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“Boys attract me like beautiful clothes—I can’t wait to try them on,” says Adele (Vanessa Paradis) in the lingering, matter-of-fact monologue that opens Patrice Leconte’s ravishing romantic fable.
The luckless Adele is a gap-toothed charmer, shruggingly apathetic about her almost involuntary promiscuity, philosophical about her chances for real love. Released from mysterious questioners and finding herself with no place to go, she contemplates a last option: heaving herself into the Seine. But a passer-by—who looks none too sound himself—makes her, if not a better offer, an alternate one: She can toy with death by working as a target in his knife-throwing act.
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All the elements of a journey that believes itself to be magical are in place the moment Gabor (Daniel Auteuil) shimmers into being on that iconic Parisian span, a place between places. Like Francis Ford Coppola’s maligned and mistreated One From the Heart, Girl on the Bridge promises a quirky romance between misfits that will transform the tawdry glamour around them into something genuine and concrete. But whereas Coppola’s loserish pair works alchemy on Las Vegas’ melancholy rhinestones against fierce odds, Leconte takes his diamonds for granted. His fey thematic dependence on love-as-luck presupposes sensual glory for Gabor and Adele the second they meet—their neuroses are so perfectly suited to one another’s that we feel no triumph in their connection.
For Adele, a girl who curses a lifetime of bad luck, Gabor is a game of chance himself. Hangdog but sly, he’s a shifty man with steady hands and a sideline in moonstruck metaphysics. He makes Adele over as a slinky silent-film diva; with her strong jaw and chic long limbs, she’s an updated Lulu—heedless, irresistible, driven more by instinct than smarts. Their romance is a heady mixture of faith and doubt, absent of sex per se but brimming with overheated metaphors of anticipation and penetration. Their confluence crackles most vividly in their stage act—she trembles under a sheet, anticipating the kunk of knives; he throws carefully at first, then begins lobbing his weapons with dazzling fluidity.
As they embark on a whirlwind spree of performances in gemlike seaside towns from the Cote d’Azur to Istanbul, Gabor and Adele chalk up this passion-at-a-remove to luck—and their luck only improves. After each exhausting bout, during which Adele teeters breathlessly on the brink of self-obliterating trust, they purge the tension by taking one risk after another. After they enter a raffle and win, Gabor has Adele installed in a casino in which he is no longer welcome, racking up huge wins with the help of the telepathic communication the pair has developed.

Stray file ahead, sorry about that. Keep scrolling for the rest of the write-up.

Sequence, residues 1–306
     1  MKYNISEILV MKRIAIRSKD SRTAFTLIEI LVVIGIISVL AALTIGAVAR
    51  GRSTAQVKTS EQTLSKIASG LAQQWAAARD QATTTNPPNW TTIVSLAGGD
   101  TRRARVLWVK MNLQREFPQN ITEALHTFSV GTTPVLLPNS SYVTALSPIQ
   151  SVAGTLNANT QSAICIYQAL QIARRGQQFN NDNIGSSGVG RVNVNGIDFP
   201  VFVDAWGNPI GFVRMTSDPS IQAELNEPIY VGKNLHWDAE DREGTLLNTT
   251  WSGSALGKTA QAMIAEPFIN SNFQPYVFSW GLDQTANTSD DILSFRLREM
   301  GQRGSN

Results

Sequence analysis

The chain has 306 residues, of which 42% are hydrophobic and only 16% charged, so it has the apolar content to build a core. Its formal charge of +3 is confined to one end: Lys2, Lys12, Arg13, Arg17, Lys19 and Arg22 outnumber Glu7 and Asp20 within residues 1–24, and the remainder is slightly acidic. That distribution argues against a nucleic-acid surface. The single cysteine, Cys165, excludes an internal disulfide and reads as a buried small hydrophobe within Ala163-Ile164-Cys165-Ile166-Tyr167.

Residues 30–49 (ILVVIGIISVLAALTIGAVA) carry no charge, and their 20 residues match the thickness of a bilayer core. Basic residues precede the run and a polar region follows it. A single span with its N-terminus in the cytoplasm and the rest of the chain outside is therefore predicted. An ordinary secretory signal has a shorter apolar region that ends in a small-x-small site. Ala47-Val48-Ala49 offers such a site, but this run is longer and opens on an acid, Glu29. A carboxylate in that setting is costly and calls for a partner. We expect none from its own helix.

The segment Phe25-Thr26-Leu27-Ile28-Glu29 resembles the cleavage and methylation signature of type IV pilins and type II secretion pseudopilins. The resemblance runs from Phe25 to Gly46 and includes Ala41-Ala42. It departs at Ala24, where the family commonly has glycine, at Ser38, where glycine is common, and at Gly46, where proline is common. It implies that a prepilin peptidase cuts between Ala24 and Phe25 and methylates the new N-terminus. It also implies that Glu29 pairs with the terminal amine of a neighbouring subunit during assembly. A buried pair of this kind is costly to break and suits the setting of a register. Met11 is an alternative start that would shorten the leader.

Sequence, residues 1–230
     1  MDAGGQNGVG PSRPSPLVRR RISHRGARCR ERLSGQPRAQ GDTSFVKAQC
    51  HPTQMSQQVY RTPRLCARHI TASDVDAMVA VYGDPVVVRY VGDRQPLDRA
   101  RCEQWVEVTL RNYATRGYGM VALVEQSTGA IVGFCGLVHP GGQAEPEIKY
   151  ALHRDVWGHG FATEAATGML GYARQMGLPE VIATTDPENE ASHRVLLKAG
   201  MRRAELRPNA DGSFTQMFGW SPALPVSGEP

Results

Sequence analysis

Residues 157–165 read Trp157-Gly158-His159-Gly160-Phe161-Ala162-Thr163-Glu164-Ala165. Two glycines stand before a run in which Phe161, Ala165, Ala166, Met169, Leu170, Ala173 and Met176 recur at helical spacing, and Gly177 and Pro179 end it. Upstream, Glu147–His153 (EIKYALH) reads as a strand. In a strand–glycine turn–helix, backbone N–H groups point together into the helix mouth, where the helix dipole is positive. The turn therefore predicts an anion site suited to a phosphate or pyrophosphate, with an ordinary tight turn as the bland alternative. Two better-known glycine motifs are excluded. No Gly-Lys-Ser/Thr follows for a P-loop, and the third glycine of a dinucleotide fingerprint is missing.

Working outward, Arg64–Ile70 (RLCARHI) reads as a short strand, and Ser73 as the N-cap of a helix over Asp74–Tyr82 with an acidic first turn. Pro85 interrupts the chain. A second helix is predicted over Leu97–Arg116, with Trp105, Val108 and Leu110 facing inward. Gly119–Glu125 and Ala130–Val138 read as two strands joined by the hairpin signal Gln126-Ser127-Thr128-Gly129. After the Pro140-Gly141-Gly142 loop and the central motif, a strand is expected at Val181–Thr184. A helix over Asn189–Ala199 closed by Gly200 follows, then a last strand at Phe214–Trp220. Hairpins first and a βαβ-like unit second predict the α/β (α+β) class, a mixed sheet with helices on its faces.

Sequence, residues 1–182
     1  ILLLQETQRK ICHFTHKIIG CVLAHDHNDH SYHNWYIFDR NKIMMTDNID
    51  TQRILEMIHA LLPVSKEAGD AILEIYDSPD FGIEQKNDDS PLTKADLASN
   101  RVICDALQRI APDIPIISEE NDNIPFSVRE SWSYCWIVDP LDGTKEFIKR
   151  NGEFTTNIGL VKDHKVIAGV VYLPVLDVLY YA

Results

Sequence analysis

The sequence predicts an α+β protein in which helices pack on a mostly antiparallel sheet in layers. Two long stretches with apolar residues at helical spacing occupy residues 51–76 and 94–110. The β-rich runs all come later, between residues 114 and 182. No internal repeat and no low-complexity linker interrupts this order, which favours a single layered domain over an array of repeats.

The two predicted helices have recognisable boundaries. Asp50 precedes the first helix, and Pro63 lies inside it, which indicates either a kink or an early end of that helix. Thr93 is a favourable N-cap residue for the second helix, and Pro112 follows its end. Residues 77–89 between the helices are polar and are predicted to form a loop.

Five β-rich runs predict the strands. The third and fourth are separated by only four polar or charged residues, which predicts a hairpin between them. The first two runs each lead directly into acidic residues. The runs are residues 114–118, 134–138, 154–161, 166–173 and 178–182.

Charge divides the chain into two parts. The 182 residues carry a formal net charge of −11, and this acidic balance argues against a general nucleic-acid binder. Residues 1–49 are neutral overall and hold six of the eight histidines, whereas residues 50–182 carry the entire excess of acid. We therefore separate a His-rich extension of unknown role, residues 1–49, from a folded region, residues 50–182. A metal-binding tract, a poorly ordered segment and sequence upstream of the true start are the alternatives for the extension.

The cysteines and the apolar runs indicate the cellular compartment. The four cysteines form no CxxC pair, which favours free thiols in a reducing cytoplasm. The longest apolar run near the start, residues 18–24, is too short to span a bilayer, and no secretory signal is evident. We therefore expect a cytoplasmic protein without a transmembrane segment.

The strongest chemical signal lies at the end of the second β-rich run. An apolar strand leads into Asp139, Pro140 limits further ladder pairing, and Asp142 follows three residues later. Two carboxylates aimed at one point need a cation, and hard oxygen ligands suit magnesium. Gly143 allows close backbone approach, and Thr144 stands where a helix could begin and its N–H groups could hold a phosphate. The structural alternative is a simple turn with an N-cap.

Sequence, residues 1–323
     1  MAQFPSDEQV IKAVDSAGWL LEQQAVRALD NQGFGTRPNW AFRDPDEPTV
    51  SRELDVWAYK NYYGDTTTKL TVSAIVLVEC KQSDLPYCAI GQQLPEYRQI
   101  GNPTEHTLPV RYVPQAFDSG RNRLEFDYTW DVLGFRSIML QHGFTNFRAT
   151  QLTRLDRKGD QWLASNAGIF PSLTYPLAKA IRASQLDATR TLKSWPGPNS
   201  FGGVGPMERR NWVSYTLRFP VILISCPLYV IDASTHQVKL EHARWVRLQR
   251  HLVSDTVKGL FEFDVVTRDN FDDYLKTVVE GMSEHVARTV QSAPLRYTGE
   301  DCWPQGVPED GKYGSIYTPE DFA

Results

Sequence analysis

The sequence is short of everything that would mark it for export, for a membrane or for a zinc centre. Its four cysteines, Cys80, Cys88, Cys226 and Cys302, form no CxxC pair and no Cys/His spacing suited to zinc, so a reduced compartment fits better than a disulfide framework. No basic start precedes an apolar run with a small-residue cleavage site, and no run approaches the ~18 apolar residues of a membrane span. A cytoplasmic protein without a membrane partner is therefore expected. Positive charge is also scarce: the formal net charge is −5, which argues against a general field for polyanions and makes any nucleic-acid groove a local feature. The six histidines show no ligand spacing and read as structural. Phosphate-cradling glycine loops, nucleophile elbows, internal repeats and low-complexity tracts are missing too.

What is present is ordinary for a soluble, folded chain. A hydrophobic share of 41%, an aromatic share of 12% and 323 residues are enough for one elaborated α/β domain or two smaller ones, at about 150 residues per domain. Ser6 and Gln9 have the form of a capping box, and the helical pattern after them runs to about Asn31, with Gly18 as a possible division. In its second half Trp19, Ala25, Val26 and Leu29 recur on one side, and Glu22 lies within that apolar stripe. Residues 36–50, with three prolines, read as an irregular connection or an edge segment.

Leconte is a connoisseur of the subtle: the deep gloss of black-and-white photography at its most luscious and harmonically lit, the hang of a shimmering shift on Paradis’ elegant shoulders, the silhouette of romance that Gabor and Adele’s connection, not a romance itself, casts. But if the visual expression of his sensibility is flawless, the dialogue version is trying. In fairy-tale fashion, the couple spout a lot of soulful faux metaphysical guff about luck, fate, and chance. Leconte indulges these reveries with operatic swoons from the camera and a hothouse soundtrack that includes two performances of Marianne Faithfull singing “Who Will Take Your Dreams Away?” while Adele writhes in a nightmare of ecstasy.
Girl on the Bridge has the look of a silent film and the feel of a musical; it might be more successful as either. Leconte shovels on the fairy dust, stuffing the screen with glittery chorus girls, clowns, and contortionists; sun-soaked seaside cafes; high-end casinos; expensive cruise ships; and a bizarre, disastrous wedding. It is this wedding that tempts Adele’s bad instincts to resurface, and the two are sundered. Gabor loses his touch and is left to take demeaning jobs in teeming, unsafe Istanbul while Adele sails away with another unworthy swain. But their psychic connection does not break, and in the film’s most unlikely scenes, they engage in mental conversation about each other’s motives and desires.
Girl on the Bridge pays homage to the beauty and glamour of great silent films, from the decadent casino of Pandora’s Box to the achingly simple story of love reclaimed in Jean Vigo’s impeccable L’Atalante. But French cinematic romances have become increasingly coy over the last seven decades, making the genre complacent—Girl on the Bridge knows where it’s going, and so do we. Absent the tartness and speed that marked his earlier films like Ridicule and Monsieur Hire, Leconte’s latest enchants but never surprises. CP